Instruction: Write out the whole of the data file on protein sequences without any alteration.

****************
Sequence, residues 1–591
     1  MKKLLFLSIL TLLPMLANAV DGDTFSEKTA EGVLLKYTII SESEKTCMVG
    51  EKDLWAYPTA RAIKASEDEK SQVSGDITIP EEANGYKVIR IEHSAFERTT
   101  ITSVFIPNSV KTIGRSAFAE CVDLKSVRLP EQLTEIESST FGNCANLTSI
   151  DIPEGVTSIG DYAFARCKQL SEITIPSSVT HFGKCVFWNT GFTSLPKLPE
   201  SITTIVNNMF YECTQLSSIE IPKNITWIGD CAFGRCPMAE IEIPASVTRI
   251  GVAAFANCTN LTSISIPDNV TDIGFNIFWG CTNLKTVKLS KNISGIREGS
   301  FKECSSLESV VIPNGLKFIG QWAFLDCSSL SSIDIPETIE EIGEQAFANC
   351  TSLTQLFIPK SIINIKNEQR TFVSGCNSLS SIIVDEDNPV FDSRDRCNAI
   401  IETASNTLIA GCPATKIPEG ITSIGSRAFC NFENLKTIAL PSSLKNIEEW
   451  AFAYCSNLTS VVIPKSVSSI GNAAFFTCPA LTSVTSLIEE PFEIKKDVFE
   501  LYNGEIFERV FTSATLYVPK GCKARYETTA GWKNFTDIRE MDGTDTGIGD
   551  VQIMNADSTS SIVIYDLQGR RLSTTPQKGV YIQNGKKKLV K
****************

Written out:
Sequence, residues 1–591
     1  MKKLLFLSIL TLLPMLANAV DGDTFSEKTA EGVLLKYTII SESEKTCMVG
    51  EKDLWAYPTA RAIKASEDEK SQVSGDITIP EEANGYKVIR IEHSAFERTT
   101  ITSVFIPNSV KTIGRSAFAE CVDLKSVRLP EQLTEIESST FGNCANLTSI
   151  DIPEGVTSIG DYAFARCKQL SEITIPSSVT HFGKCVFWNT GFTSLPKLPE
   201  SITTIVNNMF YECTQLSSIE IPKNITWIGD CAFGRCPMAE IEIPASVTRI
   251  GVAAFANCTN LTSISIPDNV TDIGFNIFWG CTNLKTVKLS KNISGIREGS
   301  FKECSSLESV VIPNGLKFIG QWAFLDCSSL SSIDIPETIE EIGEQAFANC
   351  TSLTQLFIPK SIINIKNEQR TFVSGCNSLS SIIVDEDNPV FDSRDRCNAI
   401  IETASNTLIA GCPATKIPEG ITSIGSRAFC NFENLKTIAL PSSLKNIEEW
   451  AFAYCSNLTS VVIPKSVSSI GNAAFFTCPA LTSVTSLIEE PFEIKKDVFE
   501  LYNGEIFERV FTSATLYVPK GCKARYETTA GWKNFTDIRE MDGTDTGIGD
   551  VQIMNADSTS SIVIYDLQGR RLSTTPQKGV YIQNGKKKLV K